Division of Occupational Therapy and Arts Therapies
The Division of Occupational Therapy and Arts Therapies brings together the following distinct disciplines.
Occupational therapy provides practical support to enable people to facilitate recovery and overcome any barriers that prevent them from doing the activities (occupations) that matter to them. This helps to increase people's independence and satisfaction in all aspects of life. "Occupation" refers to practical and purposeful activities that allow people to live independently and have a sense of identity. This could be essential day-to-day tasks such as self-care, work or leisure.
Occupational therapists work with adults and children of all ages with a wide range of conditions; most commonly those who have difficulties due to a mental health illness, physical or learning disabilities.
Art Therapy involves the use of art materials for self-expression and reflection in the presence of a State Registered Art Therapist. Previous experience and/or skill in art is not required as the overall aim of Art Therapy is to enable a client to effect change and growth on a personal level through the use of art materials in a safe and facilitating environment. Art Therapy offers an opportunity for expression and communication and can be particularly helpful to people who find it hard to express their thoughts and feelings verbally.
Music therapy is based on the fact that everyone has the ability to respond to music. Music therapists use sounds and mostly improvised music, together with a client/s, to create a therapeutic relationship through a non-verbal connection that enables communication and positive change in emotional wellbeing. Musical skill is not a prerequisite for clients; clients are encouraged to create their own musical language to express themselves. Music therapy can help people whose lives have been affected by injury, illness or disability. Music therapists work collaboratively with families and in multi-disciplinary teams to provide care for each individual.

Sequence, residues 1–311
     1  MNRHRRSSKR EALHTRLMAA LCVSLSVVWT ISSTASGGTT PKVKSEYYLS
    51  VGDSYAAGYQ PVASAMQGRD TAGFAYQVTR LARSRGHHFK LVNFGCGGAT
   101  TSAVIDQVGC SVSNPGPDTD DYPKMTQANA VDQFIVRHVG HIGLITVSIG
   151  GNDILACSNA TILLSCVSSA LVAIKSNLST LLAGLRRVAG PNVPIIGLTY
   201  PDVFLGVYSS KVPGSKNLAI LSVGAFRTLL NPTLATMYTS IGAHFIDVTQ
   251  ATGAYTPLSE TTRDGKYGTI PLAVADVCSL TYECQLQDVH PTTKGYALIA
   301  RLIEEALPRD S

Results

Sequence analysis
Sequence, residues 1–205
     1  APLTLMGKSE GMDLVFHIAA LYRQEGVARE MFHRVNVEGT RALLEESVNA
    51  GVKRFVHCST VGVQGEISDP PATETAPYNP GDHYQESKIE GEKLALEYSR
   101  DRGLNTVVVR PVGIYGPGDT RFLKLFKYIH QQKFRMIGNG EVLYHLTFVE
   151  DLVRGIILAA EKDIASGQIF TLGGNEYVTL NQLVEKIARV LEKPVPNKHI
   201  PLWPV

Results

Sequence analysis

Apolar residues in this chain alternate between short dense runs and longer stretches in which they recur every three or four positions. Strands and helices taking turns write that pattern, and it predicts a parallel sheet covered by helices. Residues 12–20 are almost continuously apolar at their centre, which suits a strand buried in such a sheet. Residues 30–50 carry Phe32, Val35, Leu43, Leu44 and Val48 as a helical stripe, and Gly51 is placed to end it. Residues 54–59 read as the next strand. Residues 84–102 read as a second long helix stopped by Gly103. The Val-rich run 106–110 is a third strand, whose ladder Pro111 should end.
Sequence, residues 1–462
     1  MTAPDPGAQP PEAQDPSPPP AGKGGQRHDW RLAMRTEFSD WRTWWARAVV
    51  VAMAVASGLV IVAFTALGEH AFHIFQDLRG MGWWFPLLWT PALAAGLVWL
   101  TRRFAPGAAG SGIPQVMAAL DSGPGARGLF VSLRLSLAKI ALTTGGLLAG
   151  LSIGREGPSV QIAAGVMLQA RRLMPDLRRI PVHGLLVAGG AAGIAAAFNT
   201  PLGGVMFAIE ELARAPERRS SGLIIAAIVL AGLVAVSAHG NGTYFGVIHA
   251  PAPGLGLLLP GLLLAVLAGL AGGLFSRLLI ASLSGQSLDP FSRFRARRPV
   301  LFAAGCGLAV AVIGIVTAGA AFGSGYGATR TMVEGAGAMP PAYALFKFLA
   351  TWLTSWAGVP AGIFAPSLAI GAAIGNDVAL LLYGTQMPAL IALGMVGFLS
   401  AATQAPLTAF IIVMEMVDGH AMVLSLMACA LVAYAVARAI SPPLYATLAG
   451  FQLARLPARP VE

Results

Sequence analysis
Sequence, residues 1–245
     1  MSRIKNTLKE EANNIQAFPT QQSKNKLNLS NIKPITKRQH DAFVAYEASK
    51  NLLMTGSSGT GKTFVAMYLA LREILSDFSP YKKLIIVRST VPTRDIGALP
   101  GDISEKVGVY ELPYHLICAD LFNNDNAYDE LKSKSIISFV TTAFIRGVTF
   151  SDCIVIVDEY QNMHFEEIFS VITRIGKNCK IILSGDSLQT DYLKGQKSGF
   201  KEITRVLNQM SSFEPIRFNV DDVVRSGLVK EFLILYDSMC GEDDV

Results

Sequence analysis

Dramatherapists employ the imaginative, symbolic and metaphoric processes inherent to drama and theatre in the live explorations of their clients. They work with others to access their creative capacities, and foster therapeutic relationships that are conducive to building self-understanding, growth and change. The process of playing, moving and enacting in the presence of another can have a positively profound effect on a person’s mental health and wellbeing. Our MSc Dramatherapy is the first of its kind in Scotland and the only opportunity to engage in accredited training as a Dramatherapist here.
See more about the undergraduate and postgraduate courses we offer at QMU.
Explore our virtual Art Psychotherapy 2020 exhibition